I loved the catseyes the best, and even had a few giant ones. I won most of the marbles from all the boys in the neighborhood, and my mother made me GIVE THEM BACK. I’m still sad about it. I won them through skill, fair and square, and it was no fun to play after that.
I also played pick up sticks, and tiddlywinks, and later on, I had the world’s best toy; an erector set, with a motor. Then I found the science fiction section in the library, and life changed. I have no idea what happened to the erector set; I suppose my little brothers inherited it, and that was that.
I also played jacks; probably where I got the hand/eye coordination for marbles.
@Shrdlu I inherited an old erector set with a motor. The condition of the motor, however, made things far more dangerous. It no longer had the fairly smooth motion, but would work in unpredictable jerks. My neighbor and I used it to build a “hot potato catapult” the basically amounted to having it chuck stuff at us. I’m suddenly trying to remember how I survived childhood.
@Kidsandliz The commercially packaged marble runs (Marble Run, SpaceWarp, Techno Ball, Skyrail, Skytrax) were after my time (that is, after I was a kid), but I unabashedly played with my kid’s (I think it was a Skyrail) all the time.
@daveinwarsh There are people who do this as a hobby and for a living. You need to know how to weld (and bend metal- brass if you can afford it since it is easier to bend, but of course other stuff is cheaper. There’s a yahoo group and facebook dedicated to these. Usually calling rolling ball sculpture. The metal balls are usually ball bearings since they are more “regular” than marbles and at speeds that can be obtained and corners that can be sharp, you need predictability to keep them on the track.
Couldn’t take marbles to school, “keepsies” was likened to gambling. Marbles had been a very popular at the lil country school. 1st thru 9th, 200 or so students. They closed the hundred year old school recently. Oh, I’m rambling, again.
I never had marbles. I remember one kid in elementary school that had a bag of them hooked to a belt loop, and always wanted to play but wouldn’t let anyone touch his marbles, scolding us all for not bringing our own marbles, and ultimately assuring that not only would no one play marbles with him, but no one would play anything with him. He’s still one of the most awful human beings I’ve ever met. Even when he finally gave up on marbles in middle school, he tried to make us all play foursquare, so yeah, jerk.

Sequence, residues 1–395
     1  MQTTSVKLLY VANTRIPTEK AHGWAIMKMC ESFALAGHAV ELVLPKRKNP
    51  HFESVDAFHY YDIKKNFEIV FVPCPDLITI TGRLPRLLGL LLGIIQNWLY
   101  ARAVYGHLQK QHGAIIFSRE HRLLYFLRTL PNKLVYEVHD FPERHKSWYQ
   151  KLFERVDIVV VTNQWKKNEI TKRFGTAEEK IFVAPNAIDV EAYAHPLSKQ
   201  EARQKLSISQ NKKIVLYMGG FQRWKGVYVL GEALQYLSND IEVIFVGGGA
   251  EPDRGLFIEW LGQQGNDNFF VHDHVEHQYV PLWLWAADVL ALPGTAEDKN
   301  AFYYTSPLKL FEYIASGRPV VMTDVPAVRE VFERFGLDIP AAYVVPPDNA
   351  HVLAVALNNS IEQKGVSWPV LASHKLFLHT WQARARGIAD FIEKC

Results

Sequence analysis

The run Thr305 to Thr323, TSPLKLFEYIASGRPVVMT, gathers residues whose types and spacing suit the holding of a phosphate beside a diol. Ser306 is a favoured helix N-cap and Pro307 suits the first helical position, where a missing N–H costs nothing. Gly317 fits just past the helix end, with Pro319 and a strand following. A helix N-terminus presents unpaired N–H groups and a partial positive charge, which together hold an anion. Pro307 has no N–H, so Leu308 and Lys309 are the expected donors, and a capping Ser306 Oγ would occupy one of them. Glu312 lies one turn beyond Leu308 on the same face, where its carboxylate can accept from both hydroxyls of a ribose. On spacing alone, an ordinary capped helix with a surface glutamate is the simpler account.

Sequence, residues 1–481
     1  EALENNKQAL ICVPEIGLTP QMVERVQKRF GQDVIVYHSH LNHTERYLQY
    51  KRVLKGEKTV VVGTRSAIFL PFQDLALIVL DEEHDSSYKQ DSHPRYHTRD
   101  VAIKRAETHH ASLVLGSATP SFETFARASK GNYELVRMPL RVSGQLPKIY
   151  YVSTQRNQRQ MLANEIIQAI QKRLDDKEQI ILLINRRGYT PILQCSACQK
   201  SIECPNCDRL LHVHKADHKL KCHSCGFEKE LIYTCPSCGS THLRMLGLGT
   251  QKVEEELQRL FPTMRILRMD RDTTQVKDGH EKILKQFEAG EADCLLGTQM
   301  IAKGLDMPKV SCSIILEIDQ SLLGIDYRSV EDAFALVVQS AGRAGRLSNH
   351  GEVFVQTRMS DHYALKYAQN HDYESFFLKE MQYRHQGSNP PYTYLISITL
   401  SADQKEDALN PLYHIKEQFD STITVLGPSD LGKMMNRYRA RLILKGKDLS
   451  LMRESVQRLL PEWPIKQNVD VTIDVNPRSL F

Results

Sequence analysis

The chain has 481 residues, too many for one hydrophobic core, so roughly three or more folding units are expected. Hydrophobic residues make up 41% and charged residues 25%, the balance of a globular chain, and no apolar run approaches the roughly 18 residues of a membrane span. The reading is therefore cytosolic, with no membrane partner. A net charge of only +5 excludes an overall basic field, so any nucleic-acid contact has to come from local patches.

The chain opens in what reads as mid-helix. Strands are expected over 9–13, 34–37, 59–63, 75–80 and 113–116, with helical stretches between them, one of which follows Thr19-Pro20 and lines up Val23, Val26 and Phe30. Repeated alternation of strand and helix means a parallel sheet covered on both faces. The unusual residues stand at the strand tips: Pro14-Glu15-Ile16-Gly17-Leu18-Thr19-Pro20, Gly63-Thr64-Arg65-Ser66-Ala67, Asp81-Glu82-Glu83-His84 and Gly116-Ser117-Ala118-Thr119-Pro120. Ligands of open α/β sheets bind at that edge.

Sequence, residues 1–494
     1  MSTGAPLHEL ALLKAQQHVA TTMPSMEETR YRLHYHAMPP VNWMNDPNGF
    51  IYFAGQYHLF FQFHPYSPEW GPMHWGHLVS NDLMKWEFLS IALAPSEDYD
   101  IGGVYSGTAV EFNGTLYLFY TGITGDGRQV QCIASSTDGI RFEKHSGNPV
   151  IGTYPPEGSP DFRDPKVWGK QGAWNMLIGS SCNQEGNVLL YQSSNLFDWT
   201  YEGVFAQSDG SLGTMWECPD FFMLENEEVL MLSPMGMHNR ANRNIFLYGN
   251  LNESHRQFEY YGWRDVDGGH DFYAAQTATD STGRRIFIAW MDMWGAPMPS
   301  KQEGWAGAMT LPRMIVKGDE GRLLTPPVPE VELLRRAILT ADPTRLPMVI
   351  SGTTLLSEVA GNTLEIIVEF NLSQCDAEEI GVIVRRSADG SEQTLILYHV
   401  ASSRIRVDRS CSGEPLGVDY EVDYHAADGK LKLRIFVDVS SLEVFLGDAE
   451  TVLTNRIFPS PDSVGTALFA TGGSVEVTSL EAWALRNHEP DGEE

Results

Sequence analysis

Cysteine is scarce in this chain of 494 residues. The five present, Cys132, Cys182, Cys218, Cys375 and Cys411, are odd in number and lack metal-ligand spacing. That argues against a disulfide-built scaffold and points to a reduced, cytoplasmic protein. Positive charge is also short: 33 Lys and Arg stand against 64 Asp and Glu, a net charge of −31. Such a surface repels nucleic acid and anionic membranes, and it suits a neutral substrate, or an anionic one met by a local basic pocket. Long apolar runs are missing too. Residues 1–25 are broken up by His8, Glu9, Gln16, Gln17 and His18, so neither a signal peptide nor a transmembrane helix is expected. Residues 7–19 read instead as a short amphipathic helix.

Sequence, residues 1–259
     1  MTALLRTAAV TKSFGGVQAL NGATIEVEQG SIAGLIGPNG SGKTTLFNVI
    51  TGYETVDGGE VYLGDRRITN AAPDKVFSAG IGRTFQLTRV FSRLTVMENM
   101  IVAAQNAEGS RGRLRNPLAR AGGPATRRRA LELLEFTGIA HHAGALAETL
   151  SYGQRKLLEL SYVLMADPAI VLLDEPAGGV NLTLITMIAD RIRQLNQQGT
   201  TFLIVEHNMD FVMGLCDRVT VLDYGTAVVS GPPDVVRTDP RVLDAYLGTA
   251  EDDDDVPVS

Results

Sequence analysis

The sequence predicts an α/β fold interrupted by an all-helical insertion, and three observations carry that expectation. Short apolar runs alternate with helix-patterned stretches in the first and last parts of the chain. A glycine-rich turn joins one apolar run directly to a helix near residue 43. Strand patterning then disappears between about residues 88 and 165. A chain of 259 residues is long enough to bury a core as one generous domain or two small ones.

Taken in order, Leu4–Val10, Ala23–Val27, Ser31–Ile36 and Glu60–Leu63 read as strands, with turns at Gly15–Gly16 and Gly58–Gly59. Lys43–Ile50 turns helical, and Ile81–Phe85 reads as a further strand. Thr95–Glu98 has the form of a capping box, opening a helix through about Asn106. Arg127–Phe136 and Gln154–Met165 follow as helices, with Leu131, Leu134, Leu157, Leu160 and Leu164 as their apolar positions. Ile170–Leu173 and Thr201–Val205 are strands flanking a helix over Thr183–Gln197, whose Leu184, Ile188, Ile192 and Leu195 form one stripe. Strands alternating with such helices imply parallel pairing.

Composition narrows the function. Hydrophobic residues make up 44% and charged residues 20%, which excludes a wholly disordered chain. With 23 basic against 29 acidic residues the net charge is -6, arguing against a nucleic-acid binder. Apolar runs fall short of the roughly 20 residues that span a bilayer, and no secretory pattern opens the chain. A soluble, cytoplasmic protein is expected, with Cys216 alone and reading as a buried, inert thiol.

Absolutely. Marbles were a big thing. Steelies were cool, but as others have noted, they were ALWAYS banned from play. Boulders were allowed, though. Catseyes were generally the most desirable.
Marbles were the thing about the same time as yoyos, which had a 2-3 periods of hotness while I was growing up. Yoyos were big enough that Duncan sponsored champions who’d visit and show you how “easy” it was to do all kinds of tricks with them.
This is all Baby Boomer stuff. Kids today seem to have replaced this stuff with screen time.
Am a millennial. Had plenty of yo-yos as a a kid and a small collection of marbles. I don’t think I was even aware that there was a marbles game though, I just thought of them as little collectible shiny spheres.
I learned how to play 10 years ago when I was a Den mom for my son’s cub scout den.
I was happy Scouts had those types of activities, they do a good mix of always practical (e.g. first aid, cooking), advanced (e.g. STEM, rock climbing,) and “started as practical but now mostly hobby” (e.g pottery, woodworking, archery). It starts back in Cub Scouts with things like an achievement award for learning basic tool use, recognition for knife safety skills, and I think learning Marbles was part of a sportsmanship achievement award.
My kids both dropped before making Eagle but I loved their Troop and wished I could have done the badges. I dropped out of scouts as a brownie because my den was run badly (3 yrs got only one badge, the rest of the time seemed taken up with whatever the mom wanted to talk about but didn’t actually help us advance beyond the minimum, and she was going to be my Girl Scout leader when we bridged so I gave up).
Maybe I’ll add to my bucket list unofficially doing all the achievements for Eagle Scout/Gold Award.